History, we are taught, is arbitrary, if there is any enjoyment to be derived from it, it is in the playfulness of its constant revision.
In his Arbitrary Tales, Daniel Borzutzky does not withhold from us the pleasures of narrative; for he does relate, in many of his texts -- perhaps most of them -- stories that have anecdotal intention, in addition to temporal and spatial extension. The tales are crowded with incidents and characters set against contemporary or medieval landscapes (or their cunning admixture), which receive from their creator sufficient specificity to make them real; i.e. they have the weight of fictitious place. Even in the case of
Little villages made entirely of dust and lint
Borzutzky's places have a Max Ernst-like strange familiarity, or familiar strangeness.
Incidents and characters are caused to proliferate to an astonishing degree and in an amazing diversity of forms. One is led to the inescapable conclusion that Borzutzky has elevated the notion of mutation and its corollary, morphology, to the principal theme of this work. (Are they not, in themselves, the essence of narrative art -- of all art and of architecture, details of which latter discipline Borzutzky frequently imports into his fictions?) Borzutzky appropriates non-narrative forms, like the dramatic or operatic, for some of his tales, which have an enlarging and expansive effect, within the context of the whole. The identification and transmutation of form -- social, with its insistence on ceremony (also significant to this writer), entomological and zoological organisms -- these activities lie at the heart of Borzutzky's fiction.
He kissed her lips. She turned into a rat, then a flowerpot, then a story.
Like Raymond Roussel and Harry Mathews, Borzutzky claims for his at once spacious and cramped stories more freedom than readers of conventional fiction may be willing to allow. Like those two antecedent makers of writings, and like others we may admire, such as Donald Barthelme, Bruno Schulz, Kafka, Henri Michaux, and Kenneth Koch, Borzutzky is a fabulist, who constructs often brilliant machines, whose sole purpose seems, to us, to be to confound expectations of psychological or sociological depth; indeed, the tales avoid anything that might be called subtext. They are without metaphor. They are shallow in the Modernist sense that they adore the surface possibilities of art. Borzutzky's texts propose colorful inventions whose purpose is delight. This delight is abundantly ours in "An Arbitrary Tale," "Bed Time with William James," "The Lonely Man," or "How We Celebrate the Arrival of Spring," in which we are given a line that might well serve as statement of a theme concerning all the Arbitrary Tales:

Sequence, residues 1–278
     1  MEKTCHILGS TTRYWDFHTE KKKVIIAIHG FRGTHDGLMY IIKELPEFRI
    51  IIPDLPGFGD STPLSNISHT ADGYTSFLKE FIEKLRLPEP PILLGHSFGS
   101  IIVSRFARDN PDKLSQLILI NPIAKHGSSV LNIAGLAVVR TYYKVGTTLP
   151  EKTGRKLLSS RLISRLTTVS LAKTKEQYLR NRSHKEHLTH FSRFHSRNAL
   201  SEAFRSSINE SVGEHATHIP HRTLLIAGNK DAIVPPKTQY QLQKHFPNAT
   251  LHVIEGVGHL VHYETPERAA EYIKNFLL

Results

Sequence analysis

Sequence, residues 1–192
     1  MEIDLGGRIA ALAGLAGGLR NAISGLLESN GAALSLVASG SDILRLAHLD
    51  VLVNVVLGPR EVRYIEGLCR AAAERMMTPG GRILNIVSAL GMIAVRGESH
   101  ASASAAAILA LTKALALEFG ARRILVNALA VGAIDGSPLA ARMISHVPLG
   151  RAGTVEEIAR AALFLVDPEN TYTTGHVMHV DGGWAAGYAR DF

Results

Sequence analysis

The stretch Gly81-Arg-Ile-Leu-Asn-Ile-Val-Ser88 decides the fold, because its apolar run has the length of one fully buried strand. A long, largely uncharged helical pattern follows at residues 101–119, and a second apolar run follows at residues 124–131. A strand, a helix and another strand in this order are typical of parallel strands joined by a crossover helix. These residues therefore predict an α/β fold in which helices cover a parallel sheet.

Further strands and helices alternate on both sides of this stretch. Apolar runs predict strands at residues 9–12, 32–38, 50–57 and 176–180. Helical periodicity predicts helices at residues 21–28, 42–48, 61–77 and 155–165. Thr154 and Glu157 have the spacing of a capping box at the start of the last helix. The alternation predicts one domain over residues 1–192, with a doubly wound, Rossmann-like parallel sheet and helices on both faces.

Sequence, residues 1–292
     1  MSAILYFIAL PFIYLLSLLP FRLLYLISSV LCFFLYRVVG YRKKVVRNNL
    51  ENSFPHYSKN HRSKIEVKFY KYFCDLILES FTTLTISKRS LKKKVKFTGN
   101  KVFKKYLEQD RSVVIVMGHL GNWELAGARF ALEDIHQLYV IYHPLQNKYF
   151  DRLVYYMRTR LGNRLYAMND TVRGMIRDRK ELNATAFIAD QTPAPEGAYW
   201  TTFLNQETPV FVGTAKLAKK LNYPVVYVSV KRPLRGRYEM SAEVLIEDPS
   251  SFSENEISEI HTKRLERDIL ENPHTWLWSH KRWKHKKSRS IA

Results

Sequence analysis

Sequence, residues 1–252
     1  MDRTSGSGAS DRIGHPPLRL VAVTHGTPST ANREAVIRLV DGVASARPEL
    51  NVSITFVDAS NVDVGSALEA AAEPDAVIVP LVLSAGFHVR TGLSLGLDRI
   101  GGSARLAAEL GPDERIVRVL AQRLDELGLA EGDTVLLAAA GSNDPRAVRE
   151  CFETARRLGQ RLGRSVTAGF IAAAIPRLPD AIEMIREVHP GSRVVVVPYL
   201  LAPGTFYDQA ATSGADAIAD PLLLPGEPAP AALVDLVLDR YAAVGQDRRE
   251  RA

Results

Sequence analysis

. . . it becomes increasingly obvious that the room is not one room but several rooms, that the world is not one world but several worlds, and that geometry and physics, though helpful, in the long run, can do little more than confuse us.
Not that each text is successful. The final two pieces in the collection, "War" and "Uncle Alberto in Exile," to our mind misfire in their implacable unspooling of narrative thread and, in the case of the second text, an experiment in sound that finally proves tedious.
At his best, Borzutzky composes fictions that are ravishing in the immaculate sentences with which they are constructed, in their verbal legerdemain, their rhythmic certainty, and in their primordial and human wish to elaborate a universe created entirely of words that is at least as bewildering and bewitching as that which is called real. Ultimately, we turn away from the contemplation of life and Borzutzky's art, knowing that:
We understood that we could not understand, and that this was the appeal of the wilderness.
For readers who wish to enter an inimitable wilderness of stories in order to pleasure in fiction's capacity to transfix and transfigure a man's experience, I recommend Arbitrary Tales.
Arbitrary Tales is published by Triple Press, an associate of elimae, and can be ordered at the Triple Press site.